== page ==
blame them?" Malfoy had asked his housemates when tales of one misdeed
after another began to spread throughout the school. He remembered the
first conversation he'd ever had with Harry Potter, when he'd insisted
he'd rather leave Hogwarts than be a Hufflepuff. Now it seemed every
Hufflepuff wanted to be a Slytherin.
When the demonstration ended,
the Hufflepuffs slinked quietly out of the hall. Other students
filled in behind them on their way back to their houses, but Violet spied
Eleanor Branstone and Owen Cauldwell, badger third years, sneaking off by
themselves into the first classroom they came to. She grabbed Malfoy's
sleeve and tugged, jerking her head in the wrongdoers' direction, and
Malfoy grinned. The two Slytherins dropped casually behind the rest of
streaming students until they were alone in the corridor. Then they burst
in on the Hufflepuffs.
What they saw absolutely shocked them.
The Hufflepuffs were polishing
a fraudulent house points hourglass.
All four students froze at the
sight of each other. Then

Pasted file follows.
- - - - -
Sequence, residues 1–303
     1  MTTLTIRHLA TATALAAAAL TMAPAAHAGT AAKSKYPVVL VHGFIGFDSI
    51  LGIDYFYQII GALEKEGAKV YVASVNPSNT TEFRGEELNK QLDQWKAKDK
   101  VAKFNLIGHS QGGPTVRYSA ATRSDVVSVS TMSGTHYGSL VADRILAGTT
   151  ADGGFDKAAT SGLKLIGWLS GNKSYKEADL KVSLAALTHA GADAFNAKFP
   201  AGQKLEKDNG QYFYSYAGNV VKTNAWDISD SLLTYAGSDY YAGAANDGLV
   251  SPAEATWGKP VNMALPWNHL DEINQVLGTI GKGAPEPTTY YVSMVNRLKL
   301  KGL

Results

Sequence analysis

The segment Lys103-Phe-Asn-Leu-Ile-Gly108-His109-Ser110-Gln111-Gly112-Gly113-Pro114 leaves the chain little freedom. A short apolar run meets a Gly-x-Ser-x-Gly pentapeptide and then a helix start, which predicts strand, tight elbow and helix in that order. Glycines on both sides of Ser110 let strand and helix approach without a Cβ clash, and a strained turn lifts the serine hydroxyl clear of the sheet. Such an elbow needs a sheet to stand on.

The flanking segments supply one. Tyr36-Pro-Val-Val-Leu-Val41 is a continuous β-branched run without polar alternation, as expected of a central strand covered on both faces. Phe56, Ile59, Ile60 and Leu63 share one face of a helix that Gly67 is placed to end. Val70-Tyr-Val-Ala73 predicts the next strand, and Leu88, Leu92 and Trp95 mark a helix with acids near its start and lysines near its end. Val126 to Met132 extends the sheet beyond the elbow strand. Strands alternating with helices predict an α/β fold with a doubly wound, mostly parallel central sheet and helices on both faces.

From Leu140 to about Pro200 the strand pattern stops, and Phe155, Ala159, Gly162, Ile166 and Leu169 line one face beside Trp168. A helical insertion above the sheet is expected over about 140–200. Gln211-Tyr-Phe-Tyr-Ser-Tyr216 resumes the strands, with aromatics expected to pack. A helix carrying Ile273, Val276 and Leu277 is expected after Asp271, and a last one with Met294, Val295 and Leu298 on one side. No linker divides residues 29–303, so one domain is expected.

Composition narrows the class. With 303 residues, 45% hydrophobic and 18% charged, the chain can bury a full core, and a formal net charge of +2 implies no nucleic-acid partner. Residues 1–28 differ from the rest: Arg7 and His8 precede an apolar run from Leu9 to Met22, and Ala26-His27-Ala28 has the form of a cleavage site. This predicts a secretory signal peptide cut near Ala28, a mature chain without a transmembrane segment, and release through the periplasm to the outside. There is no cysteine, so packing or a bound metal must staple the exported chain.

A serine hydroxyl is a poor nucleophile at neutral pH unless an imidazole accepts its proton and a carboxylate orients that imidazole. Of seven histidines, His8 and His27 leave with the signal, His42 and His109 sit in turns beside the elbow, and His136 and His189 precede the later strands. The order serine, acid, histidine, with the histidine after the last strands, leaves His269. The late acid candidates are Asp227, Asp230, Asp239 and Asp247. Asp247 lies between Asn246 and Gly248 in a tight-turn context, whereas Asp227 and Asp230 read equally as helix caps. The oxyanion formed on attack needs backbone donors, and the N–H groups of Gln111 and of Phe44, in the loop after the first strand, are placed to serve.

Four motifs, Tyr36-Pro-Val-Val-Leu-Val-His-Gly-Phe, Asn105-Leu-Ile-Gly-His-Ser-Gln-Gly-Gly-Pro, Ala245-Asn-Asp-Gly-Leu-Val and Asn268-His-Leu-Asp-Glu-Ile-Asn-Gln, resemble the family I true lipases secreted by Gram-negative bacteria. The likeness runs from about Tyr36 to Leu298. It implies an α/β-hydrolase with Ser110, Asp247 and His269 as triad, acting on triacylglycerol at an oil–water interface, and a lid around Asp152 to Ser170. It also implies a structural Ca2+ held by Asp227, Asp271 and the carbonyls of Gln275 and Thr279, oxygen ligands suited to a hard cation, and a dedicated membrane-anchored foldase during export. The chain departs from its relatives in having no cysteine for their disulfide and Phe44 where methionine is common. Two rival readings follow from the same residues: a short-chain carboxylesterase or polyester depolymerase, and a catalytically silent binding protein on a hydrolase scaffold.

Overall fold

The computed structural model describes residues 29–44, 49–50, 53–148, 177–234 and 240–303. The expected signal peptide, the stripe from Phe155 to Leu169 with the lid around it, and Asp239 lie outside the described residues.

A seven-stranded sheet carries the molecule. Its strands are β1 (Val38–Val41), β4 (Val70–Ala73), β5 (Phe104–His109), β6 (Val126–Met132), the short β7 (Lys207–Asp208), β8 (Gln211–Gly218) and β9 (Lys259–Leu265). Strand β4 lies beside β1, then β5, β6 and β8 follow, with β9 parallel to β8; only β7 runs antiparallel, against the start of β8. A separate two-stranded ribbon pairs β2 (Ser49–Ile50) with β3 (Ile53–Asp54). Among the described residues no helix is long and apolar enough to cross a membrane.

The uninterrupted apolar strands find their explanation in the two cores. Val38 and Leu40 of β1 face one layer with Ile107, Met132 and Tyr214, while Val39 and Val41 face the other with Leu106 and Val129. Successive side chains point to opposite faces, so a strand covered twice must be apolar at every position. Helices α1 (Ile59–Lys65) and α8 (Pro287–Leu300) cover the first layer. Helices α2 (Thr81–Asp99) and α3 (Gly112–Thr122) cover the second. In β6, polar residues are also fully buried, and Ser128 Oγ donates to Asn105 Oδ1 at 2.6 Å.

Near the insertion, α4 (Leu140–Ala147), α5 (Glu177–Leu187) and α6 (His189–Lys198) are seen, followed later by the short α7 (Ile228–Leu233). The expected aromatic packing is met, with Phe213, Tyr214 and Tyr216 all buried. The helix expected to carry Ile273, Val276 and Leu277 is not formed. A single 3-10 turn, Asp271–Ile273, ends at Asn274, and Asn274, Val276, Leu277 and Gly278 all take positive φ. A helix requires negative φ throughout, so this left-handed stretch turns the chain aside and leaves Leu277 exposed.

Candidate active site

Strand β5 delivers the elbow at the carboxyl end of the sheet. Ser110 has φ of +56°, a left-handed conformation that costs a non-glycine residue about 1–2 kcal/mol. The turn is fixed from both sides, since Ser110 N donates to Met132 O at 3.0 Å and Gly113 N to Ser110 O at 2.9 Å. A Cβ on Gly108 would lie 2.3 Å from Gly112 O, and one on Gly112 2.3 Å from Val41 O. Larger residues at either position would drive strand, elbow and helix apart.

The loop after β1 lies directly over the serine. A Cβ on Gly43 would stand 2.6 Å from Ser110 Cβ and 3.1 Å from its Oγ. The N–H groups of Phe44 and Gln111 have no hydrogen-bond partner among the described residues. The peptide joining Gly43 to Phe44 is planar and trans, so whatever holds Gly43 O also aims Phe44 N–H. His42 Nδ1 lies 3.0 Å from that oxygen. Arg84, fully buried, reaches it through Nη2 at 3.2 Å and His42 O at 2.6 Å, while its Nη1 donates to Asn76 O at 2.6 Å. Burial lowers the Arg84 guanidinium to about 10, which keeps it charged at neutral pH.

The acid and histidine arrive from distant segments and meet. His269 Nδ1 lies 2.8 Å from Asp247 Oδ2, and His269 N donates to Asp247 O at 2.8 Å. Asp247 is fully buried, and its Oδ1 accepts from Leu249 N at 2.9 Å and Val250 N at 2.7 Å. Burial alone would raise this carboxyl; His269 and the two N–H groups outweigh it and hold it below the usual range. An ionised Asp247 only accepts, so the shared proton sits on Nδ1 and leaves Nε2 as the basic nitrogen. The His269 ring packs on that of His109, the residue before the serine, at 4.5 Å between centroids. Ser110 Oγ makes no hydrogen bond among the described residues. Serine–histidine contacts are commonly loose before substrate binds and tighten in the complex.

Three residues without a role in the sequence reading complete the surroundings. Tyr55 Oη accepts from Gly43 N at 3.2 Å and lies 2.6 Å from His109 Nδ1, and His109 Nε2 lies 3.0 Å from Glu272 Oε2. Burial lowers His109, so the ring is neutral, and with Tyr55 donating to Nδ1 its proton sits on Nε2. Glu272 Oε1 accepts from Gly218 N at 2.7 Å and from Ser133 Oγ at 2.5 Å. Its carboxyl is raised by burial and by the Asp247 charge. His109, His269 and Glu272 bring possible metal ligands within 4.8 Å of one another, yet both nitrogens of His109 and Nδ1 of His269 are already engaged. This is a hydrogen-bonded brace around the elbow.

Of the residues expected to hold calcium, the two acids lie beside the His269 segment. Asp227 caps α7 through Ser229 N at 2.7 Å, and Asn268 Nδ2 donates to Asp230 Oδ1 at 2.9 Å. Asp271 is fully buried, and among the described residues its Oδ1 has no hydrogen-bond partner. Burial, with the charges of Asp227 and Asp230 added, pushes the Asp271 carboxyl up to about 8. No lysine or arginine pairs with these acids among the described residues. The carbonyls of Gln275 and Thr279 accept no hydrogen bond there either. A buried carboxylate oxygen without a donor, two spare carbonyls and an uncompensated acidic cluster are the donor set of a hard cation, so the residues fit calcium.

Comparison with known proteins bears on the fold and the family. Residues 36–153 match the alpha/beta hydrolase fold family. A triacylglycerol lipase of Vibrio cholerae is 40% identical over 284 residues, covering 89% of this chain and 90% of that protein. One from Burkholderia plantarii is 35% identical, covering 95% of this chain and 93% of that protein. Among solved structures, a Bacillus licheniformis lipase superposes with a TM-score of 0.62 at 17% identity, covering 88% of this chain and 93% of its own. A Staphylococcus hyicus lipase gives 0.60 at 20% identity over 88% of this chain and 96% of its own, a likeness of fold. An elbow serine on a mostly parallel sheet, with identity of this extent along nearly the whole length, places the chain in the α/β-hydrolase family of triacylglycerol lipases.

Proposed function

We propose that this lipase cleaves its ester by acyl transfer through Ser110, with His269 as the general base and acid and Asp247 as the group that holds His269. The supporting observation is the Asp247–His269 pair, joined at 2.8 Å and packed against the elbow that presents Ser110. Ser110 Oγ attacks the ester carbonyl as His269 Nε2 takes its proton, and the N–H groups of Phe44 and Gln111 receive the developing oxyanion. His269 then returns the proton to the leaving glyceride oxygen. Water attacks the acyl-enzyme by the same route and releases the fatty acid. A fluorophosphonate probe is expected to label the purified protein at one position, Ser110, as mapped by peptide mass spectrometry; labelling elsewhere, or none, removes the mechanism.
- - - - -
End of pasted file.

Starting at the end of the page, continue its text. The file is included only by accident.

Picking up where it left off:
Malfoy threw his head back and roared. He laughed harder and harder as
Owen scurried over to the classroom door and pulled it shut behind the
"The house cup
competition?" Malfoy gasped, wet-eyed with mirth. "You're going to cheat
in the house cup competition?" He leaned against the classroom wall and
slid to the floor, clutching his aching belly as he continued to chuckle.
Violet was not so
amused. "Why?" she protested, aghast. "You almost won last year!"
Indeed, the hard-working Hufflepuffs
had steadily racked up points as they'd patiently improved their skills in
preparation for the inevitable. "You would have won," Violet continued,
"if it weren't for the sie..."
She bit the word back, but Malfoy,
slumped on the floor beside her, punched her in the knee anyway.
"But we didn't win, did we?"
sneered Owen bitterly. "We lost out to quidditch and heroics. Again."
Malfoy exchanged looks with Violet and
then turned back to the Hufflepuffs. "Does it work?" he wondered, nodding
at the fake hourglass.
Eleanor stood the device on
its end. "We're not sure," she
admitted. "That's why we haven't
told the others yet. If it doesn't work, we'll just take it back out